At this point, I know from watching Eric’s phone that there’s a lot of stuff going on. Then, the Capitol Police start locking the doors. And then, they take out [Rep. Steny Hoyer], the House majority leader and then [Rep. Jim Clyburn], our majority whip. 

I was on the House floor, along with 25 other Democrats and 24 Republicans. I was sitting in a row with the other two co-chairs of the Steering and Policy Committee, a leadership position that allows us to sit alongside the speaker, the majority leader and the majority whip. 

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When we were told the Capitol had been breached, Rep. Dean Phillips — a Democrat in the gallery — started yelling at the Republicans that this was their fault and several yelled back in response. At this point, what’s going through my mind is how I’m going to fit under these chairs given my height. What was I going to do if someone came storming in with automatic weapons firing? We now have this mob that I had just seen on the television. They’re just outside here? And that’s the first thing [Rep. Phillips] thinks to say? Then [Rep. Steve Cohen] — also in the gallery — starts yelling at the Republicans. I said, “Steve, this is not helpful.” I’m down on the floor, and he’s up in the gallery. Then, [Rep. Frank Mrvan], a freshman member from Indiana who sat to my left, said to me: “I want to stay calm. If I talk to you, and you talk to me, then we’ll stay calm together.”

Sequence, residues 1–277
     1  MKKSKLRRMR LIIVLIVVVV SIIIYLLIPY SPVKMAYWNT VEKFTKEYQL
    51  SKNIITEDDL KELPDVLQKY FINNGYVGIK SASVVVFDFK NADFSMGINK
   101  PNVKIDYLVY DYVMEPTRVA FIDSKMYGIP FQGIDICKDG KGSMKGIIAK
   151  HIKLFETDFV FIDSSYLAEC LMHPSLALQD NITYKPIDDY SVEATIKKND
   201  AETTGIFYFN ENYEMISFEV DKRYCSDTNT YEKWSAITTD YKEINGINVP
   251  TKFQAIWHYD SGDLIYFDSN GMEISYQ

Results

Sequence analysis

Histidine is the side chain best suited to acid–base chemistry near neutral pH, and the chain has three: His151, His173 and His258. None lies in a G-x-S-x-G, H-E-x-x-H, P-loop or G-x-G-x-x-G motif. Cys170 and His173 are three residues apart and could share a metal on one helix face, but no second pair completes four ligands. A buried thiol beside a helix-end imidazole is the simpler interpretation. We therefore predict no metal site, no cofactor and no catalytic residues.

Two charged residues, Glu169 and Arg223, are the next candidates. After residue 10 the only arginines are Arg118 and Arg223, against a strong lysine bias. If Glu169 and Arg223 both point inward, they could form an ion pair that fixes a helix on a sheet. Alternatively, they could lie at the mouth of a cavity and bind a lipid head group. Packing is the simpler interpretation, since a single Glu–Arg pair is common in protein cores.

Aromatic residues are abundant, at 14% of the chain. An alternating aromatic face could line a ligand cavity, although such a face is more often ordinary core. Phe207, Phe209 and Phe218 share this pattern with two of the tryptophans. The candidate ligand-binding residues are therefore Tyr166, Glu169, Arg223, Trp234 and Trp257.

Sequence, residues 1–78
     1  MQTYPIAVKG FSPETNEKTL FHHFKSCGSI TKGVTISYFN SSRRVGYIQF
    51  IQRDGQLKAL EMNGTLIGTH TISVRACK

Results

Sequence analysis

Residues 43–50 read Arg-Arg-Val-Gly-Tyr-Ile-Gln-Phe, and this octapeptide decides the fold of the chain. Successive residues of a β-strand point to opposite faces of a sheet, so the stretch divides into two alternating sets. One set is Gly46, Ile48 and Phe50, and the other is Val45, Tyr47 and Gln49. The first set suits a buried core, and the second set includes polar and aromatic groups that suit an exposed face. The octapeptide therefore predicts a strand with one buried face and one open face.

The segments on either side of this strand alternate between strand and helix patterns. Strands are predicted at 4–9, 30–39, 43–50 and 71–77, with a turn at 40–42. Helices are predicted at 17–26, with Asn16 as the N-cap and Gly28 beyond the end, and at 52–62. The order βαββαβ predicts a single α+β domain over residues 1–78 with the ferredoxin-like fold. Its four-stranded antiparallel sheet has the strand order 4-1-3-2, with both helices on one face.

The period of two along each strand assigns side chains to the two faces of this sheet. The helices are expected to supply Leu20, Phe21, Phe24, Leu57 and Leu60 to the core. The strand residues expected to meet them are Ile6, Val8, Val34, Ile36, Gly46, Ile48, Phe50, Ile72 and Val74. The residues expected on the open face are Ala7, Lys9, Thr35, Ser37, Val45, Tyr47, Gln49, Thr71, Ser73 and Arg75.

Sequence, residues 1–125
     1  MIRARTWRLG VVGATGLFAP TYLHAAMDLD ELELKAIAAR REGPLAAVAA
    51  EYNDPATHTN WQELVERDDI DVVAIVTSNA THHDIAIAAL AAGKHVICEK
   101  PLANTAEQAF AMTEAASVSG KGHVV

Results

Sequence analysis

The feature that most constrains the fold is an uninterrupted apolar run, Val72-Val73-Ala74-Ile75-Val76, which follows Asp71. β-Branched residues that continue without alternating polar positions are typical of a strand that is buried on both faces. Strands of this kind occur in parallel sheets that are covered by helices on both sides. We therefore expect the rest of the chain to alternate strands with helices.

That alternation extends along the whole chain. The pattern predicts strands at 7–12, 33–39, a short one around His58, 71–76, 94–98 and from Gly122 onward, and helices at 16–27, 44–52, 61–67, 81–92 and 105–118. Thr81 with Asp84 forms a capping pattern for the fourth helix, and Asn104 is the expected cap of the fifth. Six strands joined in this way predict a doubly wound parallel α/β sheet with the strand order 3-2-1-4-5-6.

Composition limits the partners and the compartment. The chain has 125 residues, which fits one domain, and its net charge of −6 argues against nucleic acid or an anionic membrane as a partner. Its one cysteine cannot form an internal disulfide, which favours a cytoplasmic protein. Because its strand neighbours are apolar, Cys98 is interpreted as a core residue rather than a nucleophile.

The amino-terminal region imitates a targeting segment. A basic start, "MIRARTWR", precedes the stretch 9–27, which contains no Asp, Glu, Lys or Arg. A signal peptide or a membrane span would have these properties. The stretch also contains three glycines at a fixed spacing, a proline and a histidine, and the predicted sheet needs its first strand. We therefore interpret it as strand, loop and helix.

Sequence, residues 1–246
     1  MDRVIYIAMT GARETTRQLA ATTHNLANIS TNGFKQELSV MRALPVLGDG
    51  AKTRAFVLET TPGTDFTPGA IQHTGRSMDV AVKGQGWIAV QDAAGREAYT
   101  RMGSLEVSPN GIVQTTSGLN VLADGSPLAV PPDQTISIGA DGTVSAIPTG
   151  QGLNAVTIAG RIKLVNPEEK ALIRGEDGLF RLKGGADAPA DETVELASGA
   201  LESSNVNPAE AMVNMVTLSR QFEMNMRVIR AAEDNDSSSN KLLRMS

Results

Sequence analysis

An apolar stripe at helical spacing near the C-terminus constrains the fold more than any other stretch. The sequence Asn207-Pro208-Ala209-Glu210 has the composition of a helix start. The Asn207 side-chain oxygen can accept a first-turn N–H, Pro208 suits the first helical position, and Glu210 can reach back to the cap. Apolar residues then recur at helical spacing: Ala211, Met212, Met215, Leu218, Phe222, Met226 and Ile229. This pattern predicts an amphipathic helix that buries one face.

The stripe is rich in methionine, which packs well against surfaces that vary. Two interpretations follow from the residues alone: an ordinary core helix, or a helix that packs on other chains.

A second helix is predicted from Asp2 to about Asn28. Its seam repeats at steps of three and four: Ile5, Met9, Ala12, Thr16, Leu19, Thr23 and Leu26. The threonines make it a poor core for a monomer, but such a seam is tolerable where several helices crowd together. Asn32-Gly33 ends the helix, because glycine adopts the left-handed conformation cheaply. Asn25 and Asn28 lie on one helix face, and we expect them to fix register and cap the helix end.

At this point, what’s going through my mind was: “How am I going to get flat on this House floor? I’m pretty tall. I’m too tall to go under these chairs. Lie as flat as you can.”